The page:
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Trust Insider: what does Sherborne want from Electra?
by James Carthew on May 13, 2014 at 00:01
This week I thought I might have a look at Electra. This is something I have been meaning to do for ages but I thought I would sit back for a bit while we waited to find out what Sherborne Investors were up to (they have been building a stake in the company). There has been no news on that front, however, so here goes.
Electra has been around since 1976, which makes it one of the oldest funds in the listed private equity sector. With a market cap approaching £1 billion and gross assets in excess of £1.3 billion, Electra is also a large liquid company. This makes it a useful vehicle for institutional fund managers looking to get exposure to private equity.
At the moment, Electra is trading fairly close to asset value. Its share price jumped when Sherborne’s stake building was disclosed but its rating wasn’t particularly out of line with its peer group beforehand.
The average directly invested private equity fund trades on a discount of 7%. Investors might reasonably wonder whether Electra is expensive today – much depends on the latent value within its portfolio.
Despite the rerating of the private equity sector, I wonder whether there is not still some lingering antipathy towards it: a legacy of the events of the credit crunch when many funds over-extended themselves and some were forced into rights issues or selling assets at the bottom of the cycle.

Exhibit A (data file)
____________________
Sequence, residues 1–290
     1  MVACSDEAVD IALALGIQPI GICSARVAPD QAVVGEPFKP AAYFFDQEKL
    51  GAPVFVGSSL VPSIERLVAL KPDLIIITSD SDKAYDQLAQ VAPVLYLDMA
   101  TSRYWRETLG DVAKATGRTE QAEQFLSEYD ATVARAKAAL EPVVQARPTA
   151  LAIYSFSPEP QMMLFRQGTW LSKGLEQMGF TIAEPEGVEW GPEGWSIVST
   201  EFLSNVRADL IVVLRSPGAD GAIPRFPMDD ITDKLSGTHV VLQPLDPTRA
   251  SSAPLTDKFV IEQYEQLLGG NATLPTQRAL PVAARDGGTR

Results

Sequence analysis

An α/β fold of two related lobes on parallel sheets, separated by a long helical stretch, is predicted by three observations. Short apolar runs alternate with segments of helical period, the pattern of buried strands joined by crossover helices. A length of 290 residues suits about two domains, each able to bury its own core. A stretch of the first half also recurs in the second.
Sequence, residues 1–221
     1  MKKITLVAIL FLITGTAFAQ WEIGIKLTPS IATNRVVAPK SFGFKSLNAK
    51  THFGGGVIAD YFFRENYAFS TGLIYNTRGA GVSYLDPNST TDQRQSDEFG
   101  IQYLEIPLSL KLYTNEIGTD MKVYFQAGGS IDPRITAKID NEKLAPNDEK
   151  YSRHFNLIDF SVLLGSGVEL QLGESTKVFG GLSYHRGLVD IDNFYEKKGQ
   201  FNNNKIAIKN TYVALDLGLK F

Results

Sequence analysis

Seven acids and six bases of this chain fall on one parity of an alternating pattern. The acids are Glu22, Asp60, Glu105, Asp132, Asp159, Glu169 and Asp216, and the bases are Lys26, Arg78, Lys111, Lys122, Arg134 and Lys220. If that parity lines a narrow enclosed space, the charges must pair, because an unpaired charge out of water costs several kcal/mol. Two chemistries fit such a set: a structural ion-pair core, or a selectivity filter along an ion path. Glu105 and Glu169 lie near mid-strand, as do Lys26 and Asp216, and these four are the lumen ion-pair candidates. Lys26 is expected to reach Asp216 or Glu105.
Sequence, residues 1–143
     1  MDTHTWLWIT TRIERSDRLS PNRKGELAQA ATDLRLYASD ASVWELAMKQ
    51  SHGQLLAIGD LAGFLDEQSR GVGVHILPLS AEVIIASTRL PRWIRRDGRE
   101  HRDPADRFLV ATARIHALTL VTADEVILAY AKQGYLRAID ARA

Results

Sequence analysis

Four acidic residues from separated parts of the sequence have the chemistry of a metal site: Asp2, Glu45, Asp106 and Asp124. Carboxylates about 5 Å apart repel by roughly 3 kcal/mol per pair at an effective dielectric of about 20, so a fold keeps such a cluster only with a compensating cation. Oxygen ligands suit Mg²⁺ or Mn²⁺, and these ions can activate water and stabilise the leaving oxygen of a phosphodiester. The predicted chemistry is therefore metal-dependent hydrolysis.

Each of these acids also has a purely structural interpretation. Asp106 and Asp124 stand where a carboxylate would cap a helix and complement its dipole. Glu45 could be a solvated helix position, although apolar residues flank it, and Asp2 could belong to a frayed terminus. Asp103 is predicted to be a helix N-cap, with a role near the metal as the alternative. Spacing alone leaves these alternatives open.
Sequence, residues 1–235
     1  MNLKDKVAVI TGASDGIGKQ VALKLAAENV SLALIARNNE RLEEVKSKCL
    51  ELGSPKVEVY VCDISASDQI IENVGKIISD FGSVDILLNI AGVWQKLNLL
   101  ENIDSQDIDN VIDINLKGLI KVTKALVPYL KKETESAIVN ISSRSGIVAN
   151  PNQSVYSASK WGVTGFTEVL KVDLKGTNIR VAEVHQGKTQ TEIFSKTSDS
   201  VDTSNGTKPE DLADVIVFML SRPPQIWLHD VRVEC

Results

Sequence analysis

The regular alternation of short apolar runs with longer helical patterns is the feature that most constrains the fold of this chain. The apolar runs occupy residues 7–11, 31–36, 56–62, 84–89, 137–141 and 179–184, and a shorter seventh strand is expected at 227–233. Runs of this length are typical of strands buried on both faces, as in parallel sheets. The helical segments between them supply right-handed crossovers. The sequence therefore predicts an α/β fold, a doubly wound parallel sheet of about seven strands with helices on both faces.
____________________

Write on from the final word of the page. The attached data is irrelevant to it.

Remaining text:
At the nadir, Electra’s discount was in the high 60s but, in retrospect, that was a stunning buying opportunity as the shares have risen by 260% over the past five years. Bear in mind, though, that comparing funds on their performance since the depths of the crisis is misleading in my view and is not a good guide to the quality of the funds or their managers.
In this case, past performance is definitely not a guide to future performance since other funds may have done better in price terms, but this is usually just a factor of their having reached even wider discounts in the depths of the crisis. A similar factor is at work even in the NAV performance numbers as many poor quality funds also overconcentrated their portfolios in highly leveraged companies that were written down in the crisis and have been written up again since, flattering medium-term performance.
Electra does not pay a dividend; the sector is not really designed to produce high yielding funds. Private equity funds do not tend to throw off much income unless they have investments in mezzanine debt or similar parts of the capital structure.
Early stage investments
Most underlying investments are either at an early stage and consuming capital to grow or their balance sheets have been geared up to maximise equity returns. Some private equity funds pay dividends out of capital but I think the jury is out as to whether this attracts many investors.
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